Report: UMG Takes On Spotify's 'Freemium' Model
March 23, 2015 at 3:01 AM (PT)
The relationship between SPOTIFY and the major record labels -- specifically UNIVERSAL MUSIC GROUP -- has hit a rough patch. THE FINANCIAL TIMES reports, "the 'freemium' model used by SPOTIFY to amass 60 million users and 15 million paying subscribers around the world is facing a new challenge just months after the pop star TAYLOR SWIFT yanked her albums from the music streaming service. The Shake It Off singer mounted a high-profile publicity campaign against SPOTIFY at the end of 2014 (NET NEWS 11/3/14), claiming the service was undervaluing her music by allowing people to listen to it free of charge.
Now, UNIVERSAL MUSIC GROUP, the world’s largest music company and home to acts ranging from SAM SMITH to KATY PERRY, is using license negotiations with SPOTIFY to push for changes to the company’s free service, privately arguing that it is not sufficiently distinct from the its paid-subscription tier."
SWIFT famously pulled her “1989” album from the streaming service when it was first released. BIG MACHINE Pres./CEO SCOTT BORCHETTA has long been a vocal critic of streaming services such as SPOTIFY, saying on more than one occasion, to different publications, the streaming business model is, “A race to the bottom.” SWIFT also penned a JULY op-ed piece in the WALL STREET JOURNAL in which she stated, “Music is art, and art is important and rare. Important, rare things are valuable. Valuable things should be paid for. It’s my opinion that music should not be free.”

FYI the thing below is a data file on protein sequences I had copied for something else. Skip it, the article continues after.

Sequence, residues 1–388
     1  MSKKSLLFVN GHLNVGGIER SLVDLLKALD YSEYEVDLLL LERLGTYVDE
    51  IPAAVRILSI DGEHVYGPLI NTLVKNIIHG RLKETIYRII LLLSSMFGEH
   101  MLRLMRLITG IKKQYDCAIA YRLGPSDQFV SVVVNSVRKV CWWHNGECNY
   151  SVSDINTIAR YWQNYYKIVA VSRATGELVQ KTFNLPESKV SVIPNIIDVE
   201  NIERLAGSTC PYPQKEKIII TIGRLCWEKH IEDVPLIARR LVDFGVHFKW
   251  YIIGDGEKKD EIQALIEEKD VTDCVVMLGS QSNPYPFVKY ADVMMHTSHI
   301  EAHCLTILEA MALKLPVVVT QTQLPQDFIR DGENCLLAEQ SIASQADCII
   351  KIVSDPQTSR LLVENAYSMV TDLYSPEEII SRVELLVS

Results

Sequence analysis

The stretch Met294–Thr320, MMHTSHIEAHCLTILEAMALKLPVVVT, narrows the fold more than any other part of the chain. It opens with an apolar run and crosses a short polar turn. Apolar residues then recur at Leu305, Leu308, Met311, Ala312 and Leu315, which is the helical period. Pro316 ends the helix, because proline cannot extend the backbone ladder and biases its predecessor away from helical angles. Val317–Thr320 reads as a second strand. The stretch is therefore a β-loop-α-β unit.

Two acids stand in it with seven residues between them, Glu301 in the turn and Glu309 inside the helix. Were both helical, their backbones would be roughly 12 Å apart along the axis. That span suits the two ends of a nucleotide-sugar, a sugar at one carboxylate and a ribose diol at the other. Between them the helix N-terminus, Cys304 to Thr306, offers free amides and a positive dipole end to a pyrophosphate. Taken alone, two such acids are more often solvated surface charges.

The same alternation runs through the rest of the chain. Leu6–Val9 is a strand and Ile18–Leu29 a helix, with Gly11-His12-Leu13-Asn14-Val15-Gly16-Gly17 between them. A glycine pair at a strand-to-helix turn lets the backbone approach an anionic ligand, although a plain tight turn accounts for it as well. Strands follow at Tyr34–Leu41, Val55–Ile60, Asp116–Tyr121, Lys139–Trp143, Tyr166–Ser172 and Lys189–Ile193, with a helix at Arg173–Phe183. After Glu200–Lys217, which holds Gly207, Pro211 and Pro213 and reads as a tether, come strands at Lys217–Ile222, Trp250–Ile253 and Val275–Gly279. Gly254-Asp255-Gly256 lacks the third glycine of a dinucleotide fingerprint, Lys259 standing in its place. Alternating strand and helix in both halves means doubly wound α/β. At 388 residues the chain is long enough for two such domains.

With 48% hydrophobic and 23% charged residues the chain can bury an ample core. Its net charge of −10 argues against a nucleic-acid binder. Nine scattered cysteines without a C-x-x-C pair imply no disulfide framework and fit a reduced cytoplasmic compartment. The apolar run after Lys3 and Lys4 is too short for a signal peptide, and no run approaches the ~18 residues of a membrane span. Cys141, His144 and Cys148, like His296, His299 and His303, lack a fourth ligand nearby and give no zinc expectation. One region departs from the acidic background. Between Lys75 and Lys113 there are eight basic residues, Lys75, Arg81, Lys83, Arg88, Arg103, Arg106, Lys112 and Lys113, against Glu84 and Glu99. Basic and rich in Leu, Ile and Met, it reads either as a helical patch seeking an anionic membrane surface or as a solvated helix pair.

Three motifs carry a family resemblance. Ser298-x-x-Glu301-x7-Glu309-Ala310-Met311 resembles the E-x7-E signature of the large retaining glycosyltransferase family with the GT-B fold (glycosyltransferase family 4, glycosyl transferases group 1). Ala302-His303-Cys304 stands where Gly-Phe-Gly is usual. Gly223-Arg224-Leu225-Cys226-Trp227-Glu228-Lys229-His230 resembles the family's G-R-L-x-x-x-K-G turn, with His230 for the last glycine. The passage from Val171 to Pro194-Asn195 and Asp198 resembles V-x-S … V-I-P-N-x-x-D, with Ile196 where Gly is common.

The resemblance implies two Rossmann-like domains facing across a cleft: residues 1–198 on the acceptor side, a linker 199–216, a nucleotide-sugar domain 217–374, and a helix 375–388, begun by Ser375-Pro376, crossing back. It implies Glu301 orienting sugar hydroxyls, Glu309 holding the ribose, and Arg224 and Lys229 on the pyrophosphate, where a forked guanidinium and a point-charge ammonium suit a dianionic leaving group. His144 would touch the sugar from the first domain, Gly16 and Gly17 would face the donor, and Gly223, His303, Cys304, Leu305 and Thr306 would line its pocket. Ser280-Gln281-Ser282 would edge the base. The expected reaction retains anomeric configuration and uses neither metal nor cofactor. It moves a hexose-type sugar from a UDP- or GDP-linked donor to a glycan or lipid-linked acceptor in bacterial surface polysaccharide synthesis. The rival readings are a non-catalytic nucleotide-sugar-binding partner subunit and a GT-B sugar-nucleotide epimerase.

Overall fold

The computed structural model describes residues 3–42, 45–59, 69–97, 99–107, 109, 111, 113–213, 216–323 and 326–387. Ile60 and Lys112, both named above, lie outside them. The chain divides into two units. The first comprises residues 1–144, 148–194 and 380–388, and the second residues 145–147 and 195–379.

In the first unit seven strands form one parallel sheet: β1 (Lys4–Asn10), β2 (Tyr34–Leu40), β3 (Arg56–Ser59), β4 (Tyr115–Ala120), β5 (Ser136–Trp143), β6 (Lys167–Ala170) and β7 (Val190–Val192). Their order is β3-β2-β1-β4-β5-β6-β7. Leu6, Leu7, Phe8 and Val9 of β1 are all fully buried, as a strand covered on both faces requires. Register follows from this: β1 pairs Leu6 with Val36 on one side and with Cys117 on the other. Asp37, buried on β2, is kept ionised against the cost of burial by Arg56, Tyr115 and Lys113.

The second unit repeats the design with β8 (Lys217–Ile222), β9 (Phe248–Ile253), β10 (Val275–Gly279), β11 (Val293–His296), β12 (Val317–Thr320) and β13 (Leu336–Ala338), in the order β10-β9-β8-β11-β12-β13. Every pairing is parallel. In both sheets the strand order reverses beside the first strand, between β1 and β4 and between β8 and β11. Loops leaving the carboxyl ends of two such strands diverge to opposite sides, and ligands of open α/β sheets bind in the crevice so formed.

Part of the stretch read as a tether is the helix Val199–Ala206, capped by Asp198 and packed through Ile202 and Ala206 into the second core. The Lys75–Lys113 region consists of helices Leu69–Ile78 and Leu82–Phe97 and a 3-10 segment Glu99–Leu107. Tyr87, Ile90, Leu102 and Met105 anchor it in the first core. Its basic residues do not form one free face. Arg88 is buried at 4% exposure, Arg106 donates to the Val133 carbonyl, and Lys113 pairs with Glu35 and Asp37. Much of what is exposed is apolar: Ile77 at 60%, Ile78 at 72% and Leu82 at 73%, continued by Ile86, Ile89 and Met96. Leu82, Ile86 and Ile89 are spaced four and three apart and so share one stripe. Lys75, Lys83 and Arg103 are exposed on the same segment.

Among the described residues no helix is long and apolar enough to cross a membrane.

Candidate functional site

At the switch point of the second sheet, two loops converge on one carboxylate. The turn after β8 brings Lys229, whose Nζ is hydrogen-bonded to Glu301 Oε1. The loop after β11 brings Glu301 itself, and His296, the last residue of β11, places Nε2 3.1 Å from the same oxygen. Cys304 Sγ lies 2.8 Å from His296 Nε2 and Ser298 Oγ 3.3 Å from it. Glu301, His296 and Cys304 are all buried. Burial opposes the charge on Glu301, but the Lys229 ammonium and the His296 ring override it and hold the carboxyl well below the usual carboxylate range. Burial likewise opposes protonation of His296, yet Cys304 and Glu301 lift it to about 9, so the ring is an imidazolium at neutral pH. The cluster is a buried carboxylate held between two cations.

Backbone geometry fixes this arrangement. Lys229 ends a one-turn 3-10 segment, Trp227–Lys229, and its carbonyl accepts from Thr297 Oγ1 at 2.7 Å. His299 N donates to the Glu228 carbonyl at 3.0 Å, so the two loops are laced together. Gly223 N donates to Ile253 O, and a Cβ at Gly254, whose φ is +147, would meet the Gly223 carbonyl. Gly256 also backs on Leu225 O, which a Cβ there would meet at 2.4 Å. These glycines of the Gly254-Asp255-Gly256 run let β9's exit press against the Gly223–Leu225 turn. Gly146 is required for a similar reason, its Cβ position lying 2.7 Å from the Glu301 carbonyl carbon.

The FT article notes, "The SPOTIFY business model relies on attracting users to a free service that offers a selection of music but with limited functionality, with the aim of converting those users to paying subscribers. SPOTIFY generates some revenue around the free service but makes more via paid subscriptions. A person close to UNIVERSAL says there was clear evidence the availability of free music on SPOTIFY was hurting digital downloads from stores such as APPLE’s iTUNES. 'The market data really speaks for itself,' the person said. 'It’s clear that the key to success for artists, consumers and SPOTIFY alike is developing an offering that drives more free users to the paid tier'.”
SPOTIFY does not want to lose their free offering, claiming that doing so would slow the conversion of free users to paying subscribers and could send those users to other sites such as YOUTUBE. “Without free, pay has never succeeded,” JONATHAN FORSTER, who heads the Nordics region for SPOTIFY, told THE FINANCIAL TIMES. “We’re one of the greenest shoots of growth in the industry. We don’t want to destabilize that. We think that this model works.”
The report notes UMG isn't asking SPOTIFY to totally stop offering the free tier. Instead, it is asking the webcaster to modify the free service, perhaps by capping the amount of time it can be used, to accelerate the conversion to higher margin, paid subscription.